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2001 (1)
1993 (1)
1Author    C. Christov, S. Gabriel3, B. Atanasov, J. Fleischhauer3Requires cookie*
 Title    Calculation of the CD Spectrum of Class A /3-Lactamase from Escherichia coli (TEM-1)  
 Abstract    The Circular Dichroism (CD) spectrum o f /3-lactamase from Escherichia coli (TEM-1) has been calculated with the matrix method on the basis of the x-ray diffraction structure. All known transitions in the peptide and side-chain groups, especially the aromatic and disulfide groups have been included. The calculations were performed with and without the tryptophan (Trp) residues. Rotational strengths calculated with the matrix method were combined with Gaussians to generate the CD spectrum. The calculated spectrum reproduces the signs and approximate magnitudes of the CD bands rather w ell only when the trytophan side chains are included. However, the experimental negative double band at 208 and 222 nm, which is characteristic for a-helices, is absent in the calculated spectrum. 
  Reference    Z. Naturforsch. 56a, 757 (2001); received September 12 2001 
  Published    2001 
  Keywords    /3-Lactamase, CD-spectrum, Matrix Method 
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 TEI-XML for    default:Reihe_A/56/ZNA-2001-56a-0757.pdf 
 Identifier    ZNA-2001-56a-0757 
 Volume    56 
2Author    LuisE. Bilbao, DianaE. GrondonaRequires cookie*
 Title    Inversion of First Kind Volterra Equations: Back to Direct Methods?  
 Abstract    Numerical inversion of the first kind Volterra equation (the Abel inversion included) has been extensively studied. Direct methods were probably the first methods used to attempt the inversion. Together with the computer hardware evolution, new methods were devised in order to deal with the inherent problem of this kind of equation, that is, error magnification. Using a large number of data points (several thousands) most methods are difficult to use, specially when the inversion and its error are required on line, that is, while performing the experiments. Further, error propagation (coming from the input data and from the parameters of the problem) is, usually, a difficult task and has not been extensively studied. On the other hand, direct methods together with an adequate filter give good resolution, are fast, and error propagation is easily performed. In this work we used the so called Matrix Method for inverting three different equations, showing how to build the resolvent nucleus and how errors propagate through the solution.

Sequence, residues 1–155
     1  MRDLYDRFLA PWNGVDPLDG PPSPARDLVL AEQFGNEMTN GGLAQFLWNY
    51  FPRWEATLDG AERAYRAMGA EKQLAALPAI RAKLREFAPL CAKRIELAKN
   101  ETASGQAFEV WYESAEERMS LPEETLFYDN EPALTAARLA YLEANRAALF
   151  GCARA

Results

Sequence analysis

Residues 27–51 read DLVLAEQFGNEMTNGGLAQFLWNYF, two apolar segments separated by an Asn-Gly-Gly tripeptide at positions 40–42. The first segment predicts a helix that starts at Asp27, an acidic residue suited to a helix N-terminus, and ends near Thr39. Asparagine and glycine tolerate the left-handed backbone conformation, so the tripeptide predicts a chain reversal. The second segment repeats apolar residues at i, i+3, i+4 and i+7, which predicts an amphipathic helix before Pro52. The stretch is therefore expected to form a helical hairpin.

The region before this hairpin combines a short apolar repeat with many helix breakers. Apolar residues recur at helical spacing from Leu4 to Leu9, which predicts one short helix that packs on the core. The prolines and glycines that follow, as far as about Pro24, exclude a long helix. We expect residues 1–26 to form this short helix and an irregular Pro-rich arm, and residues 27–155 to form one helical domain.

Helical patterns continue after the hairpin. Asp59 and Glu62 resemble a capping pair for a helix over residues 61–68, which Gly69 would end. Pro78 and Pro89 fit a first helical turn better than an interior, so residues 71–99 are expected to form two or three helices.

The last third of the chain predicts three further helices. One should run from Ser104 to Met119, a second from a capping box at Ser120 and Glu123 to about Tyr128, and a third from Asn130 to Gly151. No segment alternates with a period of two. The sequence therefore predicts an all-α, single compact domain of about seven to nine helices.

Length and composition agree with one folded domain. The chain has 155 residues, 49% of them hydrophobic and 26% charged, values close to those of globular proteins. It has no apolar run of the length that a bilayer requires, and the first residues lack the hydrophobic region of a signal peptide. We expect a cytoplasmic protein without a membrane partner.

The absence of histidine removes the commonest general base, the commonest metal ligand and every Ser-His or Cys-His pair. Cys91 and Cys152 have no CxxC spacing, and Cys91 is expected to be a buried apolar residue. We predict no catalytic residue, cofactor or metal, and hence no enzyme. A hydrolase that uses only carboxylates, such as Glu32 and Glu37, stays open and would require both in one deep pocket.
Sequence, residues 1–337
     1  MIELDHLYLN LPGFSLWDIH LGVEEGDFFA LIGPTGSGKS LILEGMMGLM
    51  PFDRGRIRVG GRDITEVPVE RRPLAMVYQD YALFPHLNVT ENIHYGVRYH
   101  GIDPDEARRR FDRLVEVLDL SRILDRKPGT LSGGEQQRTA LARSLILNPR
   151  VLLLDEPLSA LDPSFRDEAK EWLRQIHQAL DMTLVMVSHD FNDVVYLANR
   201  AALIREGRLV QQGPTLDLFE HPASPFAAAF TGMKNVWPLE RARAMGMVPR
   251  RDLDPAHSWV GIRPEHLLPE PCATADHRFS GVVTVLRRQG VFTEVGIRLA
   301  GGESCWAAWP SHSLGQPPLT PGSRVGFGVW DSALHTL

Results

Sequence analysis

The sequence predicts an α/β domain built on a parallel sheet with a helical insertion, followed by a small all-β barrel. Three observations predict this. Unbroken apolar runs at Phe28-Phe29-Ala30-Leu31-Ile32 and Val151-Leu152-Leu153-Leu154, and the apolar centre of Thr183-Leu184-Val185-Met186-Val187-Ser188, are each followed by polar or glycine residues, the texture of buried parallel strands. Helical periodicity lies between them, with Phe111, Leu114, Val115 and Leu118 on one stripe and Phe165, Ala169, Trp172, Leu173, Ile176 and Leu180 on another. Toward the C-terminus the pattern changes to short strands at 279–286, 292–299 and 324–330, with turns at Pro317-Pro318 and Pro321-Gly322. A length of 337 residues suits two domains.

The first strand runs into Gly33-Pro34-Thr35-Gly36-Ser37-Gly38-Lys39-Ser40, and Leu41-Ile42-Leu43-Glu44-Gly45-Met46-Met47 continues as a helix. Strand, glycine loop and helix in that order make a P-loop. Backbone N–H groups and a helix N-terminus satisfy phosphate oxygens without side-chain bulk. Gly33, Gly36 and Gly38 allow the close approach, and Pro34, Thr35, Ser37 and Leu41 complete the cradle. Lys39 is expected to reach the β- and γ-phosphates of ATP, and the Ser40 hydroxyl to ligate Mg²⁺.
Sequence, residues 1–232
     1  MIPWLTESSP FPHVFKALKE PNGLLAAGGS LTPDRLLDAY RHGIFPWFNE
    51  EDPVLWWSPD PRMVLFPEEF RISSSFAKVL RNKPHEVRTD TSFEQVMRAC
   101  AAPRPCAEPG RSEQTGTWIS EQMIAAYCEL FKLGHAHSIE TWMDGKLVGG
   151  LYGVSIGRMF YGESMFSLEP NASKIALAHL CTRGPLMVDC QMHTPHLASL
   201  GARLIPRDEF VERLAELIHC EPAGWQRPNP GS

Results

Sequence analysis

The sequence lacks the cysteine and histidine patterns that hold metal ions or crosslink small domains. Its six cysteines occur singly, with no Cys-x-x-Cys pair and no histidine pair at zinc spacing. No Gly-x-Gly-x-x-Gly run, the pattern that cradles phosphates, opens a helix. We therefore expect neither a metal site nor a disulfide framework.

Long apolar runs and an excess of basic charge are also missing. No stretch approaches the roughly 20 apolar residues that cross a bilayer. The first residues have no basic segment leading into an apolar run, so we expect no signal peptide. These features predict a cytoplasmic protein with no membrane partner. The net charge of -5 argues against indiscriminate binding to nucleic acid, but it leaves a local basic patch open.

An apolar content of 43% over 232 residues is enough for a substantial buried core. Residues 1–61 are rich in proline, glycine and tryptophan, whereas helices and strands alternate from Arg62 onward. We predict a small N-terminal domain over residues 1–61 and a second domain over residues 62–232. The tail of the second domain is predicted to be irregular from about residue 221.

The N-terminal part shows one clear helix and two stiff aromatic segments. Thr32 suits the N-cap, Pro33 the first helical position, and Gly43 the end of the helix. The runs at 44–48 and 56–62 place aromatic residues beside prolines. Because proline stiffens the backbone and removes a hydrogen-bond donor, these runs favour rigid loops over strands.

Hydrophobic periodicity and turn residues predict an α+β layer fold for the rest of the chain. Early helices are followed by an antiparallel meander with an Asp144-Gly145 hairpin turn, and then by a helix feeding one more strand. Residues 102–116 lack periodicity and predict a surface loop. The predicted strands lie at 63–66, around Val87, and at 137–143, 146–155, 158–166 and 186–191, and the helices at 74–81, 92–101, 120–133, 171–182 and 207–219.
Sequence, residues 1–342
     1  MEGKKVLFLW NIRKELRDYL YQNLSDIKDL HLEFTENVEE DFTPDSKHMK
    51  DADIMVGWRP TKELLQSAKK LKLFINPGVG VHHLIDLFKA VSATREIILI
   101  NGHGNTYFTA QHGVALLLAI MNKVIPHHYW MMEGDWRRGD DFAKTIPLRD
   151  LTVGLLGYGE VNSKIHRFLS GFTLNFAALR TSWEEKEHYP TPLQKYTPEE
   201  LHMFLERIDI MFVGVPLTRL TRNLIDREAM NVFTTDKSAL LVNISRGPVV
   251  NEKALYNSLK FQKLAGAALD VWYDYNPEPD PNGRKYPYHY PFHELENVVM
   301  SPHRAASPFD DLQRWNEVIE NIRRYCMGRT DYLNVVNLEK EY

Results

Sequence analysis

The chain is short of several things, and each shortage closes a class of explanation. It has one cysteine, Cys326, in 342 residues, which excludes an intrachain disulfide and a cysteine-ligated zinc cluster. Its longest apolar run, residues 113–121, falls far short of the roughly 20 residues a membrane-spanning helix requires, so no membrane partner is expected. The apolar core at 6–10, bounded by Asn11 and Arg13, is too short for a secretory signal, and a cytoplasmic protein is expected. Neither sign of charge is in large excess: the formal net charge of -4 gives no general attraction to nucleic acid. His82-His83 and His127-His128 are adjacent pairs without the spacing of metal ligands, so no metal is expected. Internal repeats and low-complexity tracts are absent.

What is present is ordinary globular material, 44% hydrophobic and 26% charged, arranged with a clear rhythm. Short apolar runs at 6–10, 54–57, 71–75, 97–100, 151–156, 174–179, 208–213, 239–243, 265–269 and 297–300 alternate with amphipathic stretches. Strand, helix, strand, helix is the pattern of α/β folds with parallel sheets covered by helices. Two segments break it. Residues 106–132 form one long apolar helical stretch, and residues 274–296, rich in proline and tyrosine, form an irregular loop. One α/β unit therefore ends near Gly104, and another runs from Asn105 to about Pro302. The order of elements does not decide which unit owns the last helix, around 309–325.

Reference    Z. Naturforsch. 48a, 1119—1130 (1993); received June 25 1993 
  Published    1993 
  Keywords    First kind Volterra equations, Abel equation, Direct method, Matrix method, Error propagation 
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 TEI-XML for    default:Reihe_A/48/ZNA-1993-48a-1119.pdf 
 Identifier    ZNA-1993-48a-1119 
 Volume    48